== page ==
The HUGE growth of the rust developer in 2022
Posted October 25, 2022
The number of jobs available to a Rust developer has doubled in the past two years.
This is due in part to the fact that it’s been added as a supported language for Linux – this means that more developers are starting to learn Rust and use it in their projects.
The language has a lot of features that make it appealing to developers. It’s safe, fast, and easy to learn. This makes it a great choice for new and experienced developers alike.
And as more developers use Rust, the demand for rust developers is only going to continue to rise.
The Rust language is steadily climbing the rankings on industry reports also.
None of this is a surprise to the team here at Plexus Towers. We’ve seen the growing demand for the Rust developer first-hand.
But now, even the NSA is getting in on the deal, highlighting the security of memory safe languages like Rust.
The NSA has started to use Rust in order to create more secure applications. Rust is a great choice for this because it’s a memory safe language, this means that errors in code can’t lead to security vulnerabilities.
This is a big deal for the NSA, and it’s something that more organizations are starting to take notice of. Rust is quickly becoming the go-to language for secure applications.
But what does this mean for the Rust developer salary?
Let’s break down the Rust-y phase that developers are going through in a bit more detail.
Interest in Rust remains strong, even in a down market
Total UK-based Rust developer jobs are down about 15% from the same period in 2021.
In a down market, that’s pretty good; your portfolio wishes it was only down 15%.
And in fact, overall interest in Rust remains high, given the circumstances.
Notice that spike? There’s actually more interest in the language than there used to be.
And it’s not just random web searches; industry insider reports confirm our suspicions – Rust is gaining some steam.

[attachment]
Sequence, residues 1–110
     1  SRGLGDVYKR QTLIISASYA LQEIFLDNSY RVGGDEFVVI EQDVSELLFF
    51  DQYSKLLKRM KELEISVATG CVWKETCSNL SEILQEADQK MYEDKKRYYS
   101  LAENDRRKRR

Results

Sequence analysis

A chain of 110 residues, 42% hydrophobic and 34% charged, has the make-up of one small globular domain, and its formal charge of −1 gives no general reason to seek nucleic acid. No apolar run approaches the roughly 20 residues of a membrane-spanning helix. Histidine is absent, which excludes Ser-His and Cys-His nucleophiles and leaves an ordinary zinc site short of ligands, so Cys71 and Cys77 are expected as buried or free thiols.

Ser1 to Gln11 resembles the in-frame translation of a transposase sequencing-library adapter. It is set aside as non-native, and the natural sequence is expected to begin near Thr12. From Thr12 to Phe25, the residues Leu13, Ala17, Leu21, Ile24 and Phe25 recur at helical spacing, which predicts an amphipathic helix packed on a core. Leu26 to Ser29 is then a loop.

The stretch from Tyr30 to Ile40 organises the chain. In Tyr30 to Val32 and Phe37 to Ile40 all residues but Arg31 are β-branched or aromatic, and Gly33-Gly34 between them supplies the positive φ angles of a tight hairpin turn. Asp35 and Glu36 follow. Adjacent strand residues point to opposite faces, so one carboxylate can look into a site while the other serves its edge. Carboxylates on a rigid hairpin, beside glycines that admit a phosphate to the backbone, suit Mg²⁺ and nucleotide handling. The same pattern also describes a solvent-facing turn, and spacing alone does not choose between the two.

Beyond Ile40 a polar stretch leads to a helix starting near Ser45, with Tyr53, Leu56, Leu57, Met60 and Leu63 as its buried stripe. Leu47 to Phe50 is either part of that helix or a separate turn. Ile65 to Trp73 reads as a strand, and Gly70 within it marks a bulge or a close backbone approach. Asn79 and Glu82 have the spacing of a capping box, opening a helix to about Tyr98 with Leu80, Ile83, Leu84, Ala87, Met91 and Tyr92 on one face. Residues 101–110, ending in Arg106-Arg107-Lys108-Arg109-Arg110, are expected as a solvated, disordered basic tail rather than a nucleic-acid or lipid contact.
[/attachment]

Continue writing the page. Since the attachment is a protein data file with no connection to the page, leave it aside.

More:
Here’s a recent Slashdata report – notice how Rust is climbing the ranks.
The Rise of Memory-Safe
Rust’s growth fits in with an increasing appreciation for many of the memory-safe languages. No less an authority than the US NSA just published a memo encouraging developers to make the switch to more secure languages like Rust.
Why the push? From the programming side, memory safe languages like Rust drastically reduce security vulnerabilities. Google’s own research, backed up by the NSA memo, concludes that a whopping 70% of potential liabilities can be traced back to software memory management problems.
That’s what the NSA’s report made clear. Highlighting common weaknesses like buffer overflows or memory allocation issues, the NSA recommended a handful of memory safe languages as replacements.
And Rust was on the list:
Not Just About Crypto
At Plexus, we’re all about Web3, crypto, and blockchain. But the growth of the Rust developer isn’t only due to web3; the language is fast and scalable, lending itself to applications like games.
Right now, there’s something like a quarter of all developers learning about or interested in blockchain and web3. But under 10% of all developers actually work in those fields.
We’re seeing the continued rise of a highly-regarded programming language, at the exact same time that a huge portion of developers show interest in entering the blockchain realm.
Combine those, and you’ve got a recipe for some serious salary growth.
And that’s exactly what we’re seeing.
More Rust, More Pay
The hard facts are simple.
Rust developer salaries rose by nearly 25% in 2022, despite all the turmoil.
You can see the initial dip around February – followed quickly by a rebound in salaries and even growth.
Same thing shows up here – accompanied by even more significant growth on the upper end (senior devs).
Our own information corroborates this. Despite everything, it’s a great time to be a Rust developer.
Lots of chatter in the dev world has focused on recent stability in the top 20 programming languages. Rust and other memory safe languages are mostly around a decade old now, with established bases, and well-developed resources on Gitbook and elsewhere.
But the salary growth Rust has demonstrated makes us think there’s something more here.
You’ve got continued interest in Rust from both ends – companies who are turning to Rust’s inherent scalability and memory-safe security, and developers who show strong appreciation for Rust’s features and continued interest in areas like web3 that use Rust heavily.
You need both elements to get the strong rise in salaries we’ve seen over the past few months.
And as long as that trend continues, developers will stay Rusty.